This is the final post of this topic. Here we turn our eyes to how the smallest relief details can be created. In one of the previous posts we have learned about *base heights surface*. We discovered that all the riverbeds lie on that surface, but it is devoid of small relief details. For these we should create a special layer, which is called *local heights grid*. Perhaps more accurately, it should be called *terrain layer* or *hills layer*.

Of course, in these posts, I mean not solid surfaces, but grids of discrete points that can be ‘visually supplemented’ to a continuous surface.

The local heights grid is built at the same points as the base heights grid. It determine the specific view of mountain regions and lowlands. We must consider several factors when creating it. Firstly, the riverbeds must remain in their place, that is, the values at river points should be equal to zero. Secondly, in areas where base heights are large the local height values should also be preferably greater, which corresponds to larger differences in elevation on the higher grounds. Last rule for the Earth is not absolute, but at the moment I follow it in the planets creation.

I use the old good fBm surface approach but with a certain transformation. It can be interpreted as modulation of the fBm surface by a certain function. For clarity, I will initially resort to a 2D analogy, which can be interpreted as a vertical section of some relief.

As can be seen on the Earth’s surface, rivers in the plains and in the mountains have different valley profiles. In plains the terrain heights rises slowly, and in the mountains heights get up steeply followed by rugged terrain area.

## Hill function

To specify diversity of the river valley forms, I use a special distribution function. It determines the maximum possible value of the terrain layer at a point of the rhombs’ local lattice. This function (*hill function*) defined as this.

*hillV(d, sc) = sc*(d ^{p}-1)/m, where m = r^{p}-1.*

The power *p>-1*; *d* is the distance to the nearest riverbed (*d>=1*); *r* is the maximum possible distance from any point to any riverbed; *sc* is the scaling value, which in turn can depend on the base height at the point. Graphics of hill function for various power *p* are shown in the following figure.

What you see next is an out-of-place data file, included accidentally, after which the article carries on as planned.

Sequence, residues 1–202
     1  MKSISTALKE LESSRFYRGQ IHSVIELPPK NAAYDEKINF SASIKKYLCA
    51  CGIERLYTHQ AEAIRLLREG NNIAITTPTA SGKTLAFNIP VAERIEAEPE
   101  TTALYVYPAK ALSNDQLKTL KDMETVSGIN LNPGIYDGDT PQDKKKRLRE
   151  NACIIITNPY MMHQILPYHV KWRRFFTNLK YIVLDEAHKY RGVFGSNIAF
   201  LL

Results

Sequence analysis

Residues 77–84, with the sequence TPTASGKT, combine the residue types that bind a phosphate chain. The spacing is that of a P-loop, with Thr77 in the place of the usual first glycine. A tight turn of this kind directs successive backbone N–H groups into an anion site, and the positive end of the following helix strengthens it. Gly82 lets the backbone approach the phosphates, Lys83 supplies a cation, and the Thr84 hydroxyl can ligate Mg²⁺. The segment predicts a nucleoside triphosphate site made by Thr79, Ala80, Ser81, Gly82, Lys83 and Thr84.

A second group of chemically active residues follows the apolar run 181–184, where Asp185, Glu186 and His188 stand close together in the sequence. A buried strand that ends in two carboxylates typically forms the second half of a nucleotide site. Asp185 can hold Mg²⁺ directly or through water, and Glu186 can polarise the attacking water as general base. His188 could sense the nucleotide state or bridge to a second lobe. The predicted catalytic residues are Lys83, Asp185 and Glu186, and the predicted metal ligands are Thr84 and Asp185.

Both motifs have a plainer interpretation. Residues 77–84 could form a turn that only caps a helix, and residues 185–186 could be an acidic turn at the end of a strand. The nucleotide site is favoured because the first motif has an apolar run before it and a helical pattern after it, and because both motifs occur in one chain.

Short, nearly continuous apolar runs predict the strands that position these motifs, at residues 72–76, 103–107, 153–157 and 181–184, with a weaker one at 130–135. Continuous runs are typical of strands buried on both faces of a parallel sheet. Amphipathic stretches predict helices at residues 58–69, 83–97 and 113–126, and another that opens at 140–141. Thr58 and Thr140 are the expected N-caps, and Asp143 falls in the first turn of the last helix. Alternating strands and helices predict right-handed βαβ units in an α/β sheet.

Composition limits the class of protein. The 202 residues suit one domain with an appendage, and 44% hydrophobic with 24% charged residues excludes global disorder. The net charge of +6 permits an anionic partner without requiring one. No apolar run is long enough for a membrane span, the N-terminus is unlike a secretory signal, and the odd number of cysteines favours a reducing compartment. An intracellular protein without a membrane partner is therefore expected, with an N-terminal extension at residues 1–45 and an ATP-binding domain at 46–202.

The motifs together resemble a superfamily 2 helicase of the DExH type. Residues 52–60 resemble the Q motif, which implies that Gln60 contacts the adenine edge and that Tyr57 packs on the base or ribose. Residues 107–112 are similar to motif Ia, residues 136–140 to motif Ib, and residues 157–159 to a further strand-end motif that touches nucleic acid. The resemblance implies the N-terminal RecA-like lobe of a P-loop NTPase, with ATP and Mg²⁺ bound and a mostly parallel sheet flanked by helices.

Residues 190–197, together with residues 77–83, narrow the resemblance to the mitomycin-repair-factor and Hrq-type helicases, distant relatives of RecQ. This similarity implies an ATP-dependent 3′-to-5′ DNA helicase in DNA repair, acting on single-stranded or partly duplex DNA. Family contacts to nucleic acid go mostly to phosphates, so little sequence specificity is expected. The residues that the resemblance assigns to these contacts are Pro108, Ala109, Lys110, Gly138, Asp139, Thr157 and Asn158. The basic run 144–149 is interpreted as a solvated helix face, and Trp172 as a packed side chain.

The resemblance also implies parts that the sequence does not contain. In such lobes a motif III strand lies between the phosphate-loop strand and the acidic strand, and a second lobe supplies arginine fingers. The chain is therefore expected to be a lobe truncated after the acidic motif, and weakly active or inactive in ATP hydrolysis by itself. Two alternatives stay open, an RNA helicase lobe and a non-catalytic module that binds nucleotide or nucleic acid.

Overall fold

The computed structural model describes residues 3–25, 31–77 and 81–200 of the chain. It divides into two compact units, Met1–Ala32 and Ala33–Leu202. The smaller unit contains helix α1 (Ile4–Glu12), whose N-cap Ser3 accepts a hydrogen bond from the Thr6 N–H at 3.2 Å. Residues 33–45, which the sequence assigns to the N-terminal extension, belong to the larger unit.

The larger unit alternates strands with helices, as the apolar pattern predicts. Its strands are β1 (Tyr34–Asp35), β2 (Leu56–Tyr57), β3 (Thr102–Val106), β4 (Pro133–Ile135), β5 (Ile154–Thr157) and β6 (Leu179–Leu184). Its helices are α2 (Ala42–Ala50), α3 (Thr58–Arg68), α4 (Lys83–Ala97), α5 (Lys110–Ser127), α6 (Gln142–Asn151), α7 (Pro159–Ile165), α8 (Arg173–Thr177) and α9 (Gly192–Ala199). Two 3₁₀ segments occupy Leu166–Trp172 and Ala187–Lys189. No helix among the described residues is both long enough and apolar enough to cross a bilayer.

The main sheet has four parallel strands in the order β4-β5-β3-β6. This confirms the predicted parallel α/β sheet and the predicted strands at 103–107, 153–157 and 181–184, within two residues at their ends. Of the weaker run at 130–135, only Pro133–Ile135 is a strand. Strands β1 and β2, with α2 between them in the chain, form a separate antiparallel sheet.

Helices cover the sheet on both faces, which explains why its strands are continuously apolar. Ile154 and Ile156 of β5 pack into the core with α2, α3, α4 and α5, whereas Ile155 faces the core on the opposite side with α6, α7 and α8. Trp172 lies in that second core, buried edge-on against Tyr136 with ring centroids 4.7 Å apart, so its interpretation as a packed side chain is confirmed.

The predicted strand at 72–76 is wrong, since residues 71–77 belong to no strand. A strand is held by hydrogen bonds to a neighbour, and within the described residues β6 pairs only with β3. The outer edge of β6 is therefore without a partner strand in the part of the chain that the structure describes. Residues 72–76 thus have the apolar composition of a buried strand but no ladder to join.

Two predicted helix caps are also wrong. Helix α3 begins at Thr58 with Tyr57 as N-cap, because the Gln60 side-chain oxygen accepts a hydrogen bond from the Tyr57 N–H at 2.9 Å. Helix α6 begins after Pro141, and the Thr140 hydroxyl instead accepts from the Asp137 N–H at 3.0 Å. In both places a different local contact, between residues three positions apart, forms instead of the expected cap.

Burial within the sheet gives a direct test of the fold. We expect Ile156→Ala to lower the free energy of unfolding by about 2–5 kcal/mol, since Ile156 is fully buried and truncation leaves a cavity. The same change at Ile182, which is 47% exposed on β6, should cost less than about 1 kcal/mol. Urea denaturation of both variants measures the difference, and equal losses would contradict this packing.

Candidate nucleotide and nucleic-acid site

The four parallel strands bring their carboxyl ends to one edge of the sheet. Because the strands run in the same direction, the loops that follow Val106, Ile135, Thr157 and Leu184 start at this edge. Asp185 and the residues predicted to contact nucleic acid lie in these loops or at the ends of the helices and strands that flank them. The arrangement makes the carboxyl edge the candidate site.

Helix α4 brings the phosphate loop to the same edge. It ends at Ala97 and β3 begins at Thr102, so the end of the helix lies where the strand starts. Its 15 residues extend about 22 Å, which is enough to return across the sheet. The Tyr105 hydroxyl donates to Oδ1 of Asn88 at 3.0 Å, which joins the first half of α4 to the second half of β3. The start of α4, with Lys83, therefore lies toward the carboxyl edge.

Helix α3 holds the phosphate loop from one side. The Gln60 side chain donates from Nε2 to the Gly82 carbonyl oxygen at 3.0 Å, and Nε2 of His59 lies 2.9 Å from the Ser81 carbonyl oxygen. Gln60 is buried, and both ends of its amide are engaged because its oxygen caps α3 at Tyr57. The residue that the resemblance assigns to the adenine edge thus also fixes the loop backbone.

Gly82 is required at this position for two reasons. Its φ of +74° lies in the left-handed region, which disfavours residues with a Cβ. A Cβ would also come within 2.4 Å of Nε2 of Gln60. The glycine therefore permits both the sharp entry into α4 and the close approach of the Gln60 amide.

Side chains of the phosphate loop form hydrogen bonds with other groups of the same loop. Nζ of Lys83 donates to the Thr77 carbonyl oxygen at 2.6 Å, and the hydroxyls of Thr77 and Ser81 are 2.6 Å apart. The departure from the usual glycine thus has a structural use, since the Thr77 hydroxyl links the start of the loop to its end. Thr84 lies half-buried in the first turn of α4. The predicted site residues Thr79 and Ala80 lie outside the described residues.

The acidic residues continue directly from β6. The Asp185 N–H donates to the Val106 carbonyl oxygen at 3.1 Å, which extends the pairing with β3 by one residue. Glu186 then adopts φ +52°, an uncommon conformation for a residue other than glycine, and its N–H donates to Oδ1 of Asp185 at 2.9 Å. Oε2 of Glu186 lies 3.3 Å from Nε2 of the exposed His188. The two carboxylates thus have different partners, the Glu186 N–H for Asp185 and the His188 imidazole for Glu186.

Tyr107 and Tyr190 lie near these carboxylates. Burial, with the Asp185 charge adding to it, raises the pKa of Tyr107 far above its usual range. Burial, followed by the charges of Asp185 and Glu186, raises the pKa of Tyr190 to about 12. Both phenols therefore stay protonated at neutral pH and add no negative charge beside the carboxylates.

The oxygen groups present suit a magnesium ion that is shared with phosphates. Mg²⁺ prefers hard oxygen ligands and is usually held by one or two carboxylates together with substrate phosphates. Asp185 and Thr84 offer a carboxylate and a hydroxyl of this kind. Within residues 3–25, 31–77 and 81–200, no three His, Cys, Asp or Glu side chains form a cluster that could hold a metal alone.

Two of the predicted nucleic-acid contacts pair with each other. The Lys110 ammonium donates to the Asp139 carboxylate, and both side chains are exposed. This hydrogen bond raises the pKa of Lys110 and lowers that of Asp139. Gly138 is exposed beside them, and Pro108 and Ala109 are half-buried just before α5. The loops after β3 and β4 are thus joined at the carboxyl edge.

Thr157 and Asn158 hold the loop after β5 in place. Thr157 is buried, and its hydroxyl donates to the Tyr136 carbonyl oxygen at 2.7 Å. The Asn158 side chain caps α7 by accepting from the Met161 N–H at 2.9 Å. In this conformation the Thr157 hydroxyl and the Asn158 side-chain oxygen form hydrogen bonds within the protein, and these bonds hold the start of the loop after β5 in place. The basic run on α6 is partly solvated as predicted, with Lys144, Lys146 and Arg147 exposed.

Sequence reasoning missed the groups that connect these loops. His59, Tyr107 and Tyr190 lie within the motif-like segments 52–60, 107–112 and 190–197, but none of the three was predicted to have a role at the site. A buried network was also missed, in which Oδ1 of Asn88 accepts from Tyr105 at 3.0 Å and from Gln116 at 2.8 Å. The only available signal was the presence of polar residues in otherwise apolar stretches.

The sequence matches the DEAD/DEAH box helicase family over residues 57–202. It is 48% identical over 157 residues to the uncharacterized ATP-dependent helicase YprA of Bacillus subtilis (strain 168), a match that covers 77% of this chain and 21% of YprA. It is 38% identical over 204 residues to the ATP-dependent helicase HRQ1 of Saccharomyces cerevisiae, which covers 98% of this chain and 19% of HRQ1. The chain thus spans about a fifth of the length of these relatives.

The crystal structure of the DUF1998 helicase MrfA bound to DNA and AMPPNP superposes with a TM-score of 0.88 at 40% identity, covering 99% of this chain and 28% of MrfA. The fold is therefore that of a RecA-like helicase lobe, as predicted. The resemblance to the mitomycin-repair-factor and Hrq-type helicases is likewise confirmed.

(blue: p=-0.25, yellow: p=0.5, green: p=2.5)

We should use lesser powers for lowland valleys and greater powers for mountainous ones. Thus, power *p* should be a monotonic function of the base height *h*. On the planet Serpento it is linear from -0.9 to 0.4, and these are rather extreme values!

At each lattice point of a rhomb we calculate the value of this function. For a 2D case the result is shown on the following figure.

To refine the resulting curve we can use smoothing. If we use simple averaging over neighboring points, we get the first figure below. But we can get better result like in the second figure in a different way.

For that, firstly, we should sort the rhomb points in descending order of *hillV* function values evaluated at them, and then we should calculate the new values successively using the next formula.

*v1 = (maxV−minV)/k + minV.*

Here, *minV* and *maxV* are the minimum and the maximum values at the neighborhood points. *k>=2* is a variable that must monotonously decrease from the maximum value *mK* in points mostly distant from any riverbed to *2* at riverbed points. In the figure above *k* decreases linearly, *k=10* at the central points and *k=2* at the edges.

Then again we go through all the points and set the other new values in them using the formula.